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Re: FYI - Adobe account compromise
From: Gary Warner <gar () CIS UAB EDU>
Date: Tue, 12 Nov 2013 06:54:09 -0600

Brian, 

True point!  I haven't spent money at Adobe, so wasn't thinking about the fact that many of those accounts *WERE* 
"payment information" accounts.  I honestly hadn't realized that the CREDIT CARD INFORMATION had been leaked.  I 
obviously HAVE the file of the password cryptotext and hints.  I now see at the bottom of the referenced sophos blog 
post:

+++++++++

"There's more to concern youself with.

Adobe also decribed the customer credit card data and other PII (Personally Identifiable Information) that was stolen 
in the same attack as "encrypted.""

+++++++++

So, looking back to Adobe's announcement:

blogs.adobe.com/conversations/2013/10/important-customer-security-announcement.html

(begin quote from same)

Our investigation currently indicates that the attackers accessed Adobe customer IDs and encrypted passwords on our 
systems. We also believe the attackers removed from our systems certain information relating to 2.9 million Adobe 
customers, including customer names, encrypted credit or debit card numbers, expiration dates, and other information 
relating to customer orders. At this time, we do not believe the attackers removed decrypted credit or debit card 
numbers from our systems. We deeply regret that this incident occurred. We’re working diligently internally, as well as 
with external partners and law enforcement, to address the incident. We’re taking the following steps:

    As a precaution, we are resetting relevant customer passwords to help prevent unauthorized access to Adobe ID 
accounts. If your user ID and password were involved, you will receive an email notification from us with information 
on how to change your password. We also recommend that you change your passwords on any website where you may have used 
the same user ID and password.

    We are in the process of notifying customers whose credit or debit card information we believe to be involved in 
the incident. If your information was involved, you will receive a notification letter from us with additional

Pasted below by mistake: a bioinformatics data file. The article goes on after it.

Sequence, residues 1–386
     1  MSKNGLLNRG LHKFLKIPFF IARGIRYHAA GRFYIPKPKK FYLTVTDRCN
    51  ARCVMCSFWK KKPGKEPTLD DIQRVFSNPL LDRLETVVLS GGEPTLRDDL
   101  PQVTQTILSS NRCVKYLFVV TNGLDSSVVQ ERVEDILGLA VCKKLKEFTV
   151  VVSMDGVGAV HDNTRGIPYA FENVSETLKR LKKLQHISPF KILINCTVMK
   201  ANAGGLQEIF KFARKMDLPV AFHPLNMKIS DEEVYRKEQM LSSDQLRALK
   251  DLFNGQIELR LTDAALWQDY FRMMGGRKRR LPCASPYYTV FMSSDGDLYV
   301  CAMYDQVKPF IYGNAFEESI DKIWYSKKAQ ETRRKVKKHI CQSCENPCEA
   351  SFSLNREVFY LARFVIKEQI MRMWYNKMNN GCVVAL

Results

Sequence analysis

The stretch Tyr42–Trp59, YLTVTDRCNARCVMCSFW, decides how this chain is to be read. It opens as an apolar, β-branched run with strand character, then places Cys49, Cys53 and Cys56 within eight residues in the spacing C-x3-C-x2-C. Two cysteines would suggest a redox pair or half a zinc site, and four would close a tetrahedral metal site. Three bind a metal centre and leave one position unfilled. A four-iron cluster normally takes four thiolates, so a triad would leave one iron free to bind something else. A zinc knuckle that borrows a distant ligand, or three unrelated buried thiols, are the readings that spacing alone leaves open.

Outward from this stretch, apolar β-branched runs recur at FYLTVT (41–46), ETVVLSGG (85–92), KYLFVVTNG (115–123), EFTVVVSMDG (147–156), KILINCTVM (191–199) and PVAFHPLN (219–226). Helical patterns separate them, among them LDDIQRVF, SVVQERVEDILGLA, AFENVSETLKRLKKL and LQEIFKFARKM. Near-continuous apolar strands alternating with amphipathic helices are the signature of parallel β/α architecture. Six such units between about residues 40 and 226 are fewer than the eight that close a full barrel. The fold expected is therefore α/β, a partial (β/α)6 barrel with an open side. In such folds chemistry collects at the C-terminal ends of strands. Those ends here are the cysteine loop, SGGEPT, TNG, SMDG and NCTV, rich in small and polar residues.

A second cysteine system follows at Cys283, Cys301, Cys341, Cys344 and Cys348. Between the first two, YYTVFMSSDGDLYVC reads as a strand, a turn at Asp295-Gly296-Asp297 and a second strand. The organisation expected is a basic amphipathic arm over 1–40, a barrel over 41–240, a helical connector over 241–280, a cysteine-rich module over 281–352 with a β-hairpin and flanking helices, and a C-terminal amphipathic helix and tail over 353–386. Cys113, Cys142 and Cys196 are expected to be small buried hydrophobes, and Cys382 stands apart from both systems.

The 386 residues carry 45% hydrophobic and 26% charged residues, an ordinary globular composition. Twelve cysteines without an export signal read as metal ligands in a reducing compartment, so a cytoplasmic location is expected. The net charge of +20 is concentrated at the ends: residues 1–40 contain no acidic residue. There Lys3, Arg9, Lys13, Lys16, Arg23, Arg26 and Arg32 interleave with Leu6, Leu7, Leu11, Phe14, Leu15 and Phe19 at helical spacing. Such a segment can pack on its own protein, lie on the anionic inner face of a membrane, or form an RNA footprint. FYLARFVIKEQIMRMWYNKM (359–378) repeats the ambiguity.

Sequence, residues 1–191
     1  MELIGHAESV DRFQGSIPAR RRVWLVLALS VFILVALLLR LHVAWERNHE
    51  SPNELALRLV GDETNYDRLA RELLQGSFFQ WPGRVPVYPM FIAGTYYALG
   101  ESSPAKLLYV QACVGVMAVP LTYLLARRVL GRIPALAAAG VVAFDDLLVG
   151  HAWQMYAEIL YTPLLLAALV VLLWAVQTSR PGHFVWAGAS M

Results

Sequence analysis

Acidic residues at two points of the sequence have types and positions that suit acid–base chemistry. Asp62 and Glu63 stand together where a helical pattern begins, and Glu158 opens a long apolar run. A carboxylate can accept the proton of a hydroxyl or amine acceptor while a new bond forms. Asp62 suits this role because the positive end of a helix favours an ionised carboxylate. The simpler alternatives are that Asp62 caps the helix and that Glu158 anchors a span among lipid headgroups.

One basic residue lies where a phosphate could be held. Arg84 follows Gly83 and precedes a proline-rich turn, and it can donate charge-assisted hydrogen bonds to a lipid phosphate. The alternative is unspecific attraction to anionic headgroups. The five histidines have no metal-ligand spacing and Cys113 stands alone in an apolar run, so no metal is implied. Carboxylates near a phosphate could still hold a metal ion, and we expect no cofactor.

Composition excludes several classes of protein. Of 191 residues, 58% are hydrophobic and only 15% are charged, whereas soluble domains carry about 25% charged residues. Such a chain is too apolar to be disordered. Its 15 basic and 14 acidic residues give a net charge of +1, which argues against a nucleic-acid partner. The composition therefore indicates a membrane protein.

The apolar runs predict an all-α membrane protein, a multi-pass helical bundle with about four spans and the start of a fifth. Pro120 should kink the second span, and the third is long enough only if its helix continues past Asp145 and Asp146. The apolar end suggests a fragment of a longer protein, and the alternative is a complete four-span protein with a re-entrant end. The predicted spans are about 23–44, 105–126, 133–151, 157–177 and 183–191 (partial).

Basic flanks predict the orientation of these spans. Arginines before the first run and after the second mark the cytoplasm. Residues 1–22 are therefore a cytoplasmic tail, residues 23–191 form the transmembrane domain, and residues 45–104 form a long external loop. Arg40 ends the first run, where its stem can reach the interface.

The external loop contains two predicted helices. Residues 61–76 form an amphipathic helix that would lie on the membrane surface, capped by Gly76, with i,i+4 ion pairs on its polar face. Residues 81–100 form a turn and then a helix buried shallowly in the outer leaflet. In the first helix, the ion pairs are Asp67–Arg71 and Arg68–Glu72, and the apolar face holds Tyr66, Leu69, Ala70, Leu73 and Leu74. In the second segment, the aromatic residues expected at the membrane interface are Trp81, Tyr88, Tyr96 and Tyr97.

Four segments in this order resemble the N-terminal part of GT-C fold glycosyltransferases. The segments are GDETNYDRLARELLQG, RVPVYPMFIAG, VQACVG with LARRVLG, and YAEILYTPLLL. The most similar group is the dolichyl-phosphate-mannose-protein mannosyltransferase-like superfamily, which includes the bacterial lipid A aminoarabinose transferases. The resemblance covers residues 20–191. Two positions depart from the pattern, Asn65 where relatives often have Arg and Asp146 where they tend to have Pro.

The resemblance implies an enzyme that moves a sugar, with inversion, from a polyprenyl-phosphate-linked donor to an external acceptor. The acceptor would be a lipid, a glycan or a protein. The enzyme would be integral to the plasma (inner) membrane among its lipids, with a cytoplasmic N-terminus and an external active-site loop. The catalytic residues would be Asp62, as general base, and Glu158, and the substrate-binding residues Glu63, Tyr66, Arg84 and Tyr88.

information on steps you can take to help protect yourself against potential misuse of personal information about you. 
Adobe is also offering customers, whose credit or debit card information was involved, the option of enrolling in a 
one-year complimentary credit monitoring membership where available.

    We have notified the banks processing customer payments for Adobe, so that they can work with the payment card 
companies and card-issuing banks to help protect customers’ accounts.

    We have contacted federal law enforcement and are assisting in their investigation.

(End Quote)
++++++++++++++++++++++++

Curiously, as you pointed out, the current version of the FAQ still refers to only the 2.9 million customers, despite 
the clear fact that there are tens of millions listed in the data dump we've all seen.  Is it possible that there were 
2.9 million who had shared credit cards and the other "active accounts" were non-Credit Card people?

helpx.adobe.com/x-productkb/policy-pricing/customer-alert.html

(Quoting from same)

What information exactly did the attacker gain access to?

Our investigation currently indicates that the attackers accessed Adobe customer IDs and encrypted passwords on our 
systems. We also believe the attackers removed from our systems certain information relating to 2.9 million Adobe 
customers, including customer names, encrypted credit or debit card numbers, expiration dates, and other information 
relating to customer orders. At this time, we do not believe the attackers removed decrypted credit or debit card 
numbers from our systems.

We are also investigating the illegal access to source code of numerous Adobe products. Based on our findings to date, 
we are not aware of any specific increased risk to customers as a result of this incident.

(End quote)
++++++++++++++++

Brian Krebs has Adobe confirmation that 38 million "active user accounts" were among that dump.  Adobe's CSO 
acknowledged the source code leak of Cold Fusion and Acrobat code, and thanked Krebs and Holden for their data in this 
post: 

blogs.adobe.com/asset/2013/10/illegal-access-to-adobe-source-code.html

++++++++++++++++

Interestingly, in the Adobe forums, people who used a "unique email" to register their Adobe products have shared that 
those accounts began receiving spam after the breach (including spam containing malware links).  See for example:

forums.adobe.com/message/5813930

It may be interesting for those of us with access to University spam to compare "addresses on the Adobe breach list" to 
those NOT on the list and see if there are any unique campaigns being targeted to the Adobe group...






----------------------------------------------------------

Gary Warner
Director of Research in Computer Forensics
The University of Alabama at Birmingham
Center for Information Assurance and Joint Forensics Research
205.422.2113
gar () cis uab edu

-----------------------------------------------------------


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